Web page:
Salim Barakat has enriched the Syrian literary stock with an abundant output of poetry, biographies, and novels. Barakat, born in 1951 to parents in Mosisana, a Kurdish village affiliates with the city of Amuda, embraced his freedom since childhood. He explored the details of time, places, and human relations and used his discoveries as inspiration to paint. As he grew, though, his frequent travels through Damascus, Beirut, Cyprus, and Sweden helped him hold on to his native language and identity.
The smell of the place in the literary breath
Mosisana, located close to the Turkish border in the far north-east of Syria, sparked the beginnings of the poetry pictured through the biography of Barakat. The village where he witnessed the beginning of the official “violent” joy, as he describes in his diary, in reference to the government’s official restrictions on dress at schools in addition to other restrictive laws. He grew up in a strict, conservative environment with a religious father, and the area’s harsh natural factors produced in him “a stab of clay,” which in turn impacted the language of the young poet.
Barakat takes keen interest in the details of places. He considers these details the source of ideas, meanings, and directions, since they are the compasses that leads to insight. His love for details took him back to the Syrian north, his hometown and prompted him to write passages such as “the north is a test / the large part of boredom is the wife of all parts in its test / it takes everything to give you courage and bravery / in the weakest state, it entrusts you with an unseen property, or as a guardian of love (desire) / continuous coincidences in the north, whose existence was only a coincidence / Earth only had three directions before.”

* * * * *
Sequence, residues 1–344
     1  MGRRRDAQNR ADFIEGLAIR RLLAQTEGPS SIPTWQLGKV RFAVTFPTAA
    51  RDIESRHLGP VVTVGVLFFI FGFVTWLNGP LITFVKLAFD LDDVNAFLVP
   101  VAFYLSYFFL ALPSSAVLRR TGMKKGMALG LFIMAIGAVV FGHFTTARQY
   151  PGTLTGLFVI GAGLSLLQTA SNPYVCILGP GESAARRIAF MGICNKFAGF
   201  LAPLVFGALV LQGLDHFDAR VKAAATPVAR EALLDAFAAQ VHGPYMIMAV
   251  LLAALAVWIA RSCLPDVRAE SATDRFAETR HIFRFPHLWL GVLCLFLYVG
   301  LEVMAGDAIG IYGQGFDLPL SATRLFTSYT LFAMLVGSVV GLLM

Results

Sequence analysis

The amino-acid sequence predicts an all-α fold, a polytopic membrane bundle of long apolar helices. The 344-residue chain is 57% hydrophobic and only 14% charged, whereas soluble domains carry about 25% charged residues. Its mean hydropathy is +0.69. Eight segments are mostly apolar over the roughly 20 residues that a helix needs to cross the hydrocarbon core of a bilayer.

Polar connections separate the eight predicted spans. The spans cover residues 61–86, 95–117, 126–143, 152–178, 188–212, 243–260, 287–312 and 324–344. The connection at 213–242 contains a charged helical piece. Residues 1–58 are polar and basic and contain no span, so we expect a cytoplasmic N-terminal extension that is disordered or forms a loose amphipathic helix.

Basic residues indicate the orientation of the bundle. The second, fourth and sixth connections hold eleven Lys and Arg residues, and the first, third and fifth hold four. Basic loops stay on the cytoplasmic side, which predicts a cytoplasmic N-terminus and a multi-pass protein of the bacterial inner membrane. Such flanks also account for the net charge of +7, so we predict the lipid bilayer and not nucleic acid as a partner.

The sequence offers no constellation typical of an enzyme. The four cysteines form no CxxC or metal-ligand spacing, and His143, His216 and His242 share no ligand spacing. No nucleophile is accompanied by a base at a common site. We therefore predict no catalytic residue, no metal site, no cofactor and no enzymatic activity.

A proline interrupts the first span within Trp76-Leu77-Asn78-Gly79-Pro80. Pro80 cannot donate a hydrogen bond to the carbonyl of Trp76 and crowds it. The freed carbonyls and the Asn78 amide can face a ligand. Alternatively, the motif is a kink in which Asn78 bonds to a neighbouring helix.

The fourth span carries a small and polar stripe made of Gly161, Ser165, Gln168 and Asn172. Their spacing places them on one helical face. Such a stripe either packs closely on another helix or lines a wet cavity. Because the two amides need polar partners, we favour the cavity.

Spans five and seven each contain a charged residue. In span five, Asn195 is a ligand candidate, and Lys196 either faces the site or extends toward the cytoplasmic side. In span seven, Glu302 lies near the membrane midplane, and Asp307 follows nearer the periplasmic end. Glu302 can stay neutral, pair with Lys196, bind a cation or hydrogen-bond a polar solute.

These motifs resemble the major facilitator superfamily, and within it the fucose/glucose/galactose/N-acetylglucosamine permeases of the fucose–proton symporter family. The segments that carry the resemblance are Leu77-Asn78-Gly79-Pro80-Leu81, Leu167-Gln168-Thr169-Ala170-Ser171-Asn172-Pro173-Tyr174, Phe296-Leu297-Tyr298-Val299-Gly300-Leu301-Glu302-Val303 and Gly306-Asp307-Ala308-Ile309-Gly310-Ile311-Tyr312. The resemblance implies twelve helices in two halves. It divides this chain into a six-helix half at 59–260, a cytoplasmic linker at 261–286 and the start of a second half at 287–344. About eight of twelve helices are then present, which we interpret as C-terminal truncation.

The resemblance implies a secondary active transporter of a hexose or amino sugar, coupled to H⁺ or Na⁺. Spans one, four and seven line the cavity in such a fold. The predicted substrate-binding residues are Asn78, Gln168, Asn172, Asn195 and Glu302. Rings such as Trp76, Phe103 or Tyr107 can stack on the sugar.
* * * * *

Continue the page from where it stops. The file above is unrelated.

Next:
Barakat could not distance himself from “Qamshloki.” He is capable of, as he said in an interview, describing every centimeter of Qamishli, as “there is no other Qamshloki.”
Palestine in the life of Salim Barakat
Barakat’s stop in Beirut in the 1970s has placed him, with his poetic sense, in the midst of the ongoing conflict back then. He was biased towards the Palestinian revolution and engaged in its work by writing in the Al-Carmel magazine with his friend, the late Palestinian poet Mahmoud Darwish.
This friendship that adopted a mutual understanding between Darwish and Barakat was met with a literary output that used a special language to express the other. Darwish understood his friend’s concept of identity, so he wrote “dusting off his identity / shadows: my identity is my language. Me…and me / I am my language. I am the banished in my language / my heart is a Kurdish ‘hot coal’ over his blue mountains.”
Darwish’s death hit Barakat hard. He wrote for his friend “death breathed in my face, this time; he took a deep breath in the place, where you drew its map on the pages of your last book, just like the effect of a butterfly, oh Mahmoud.”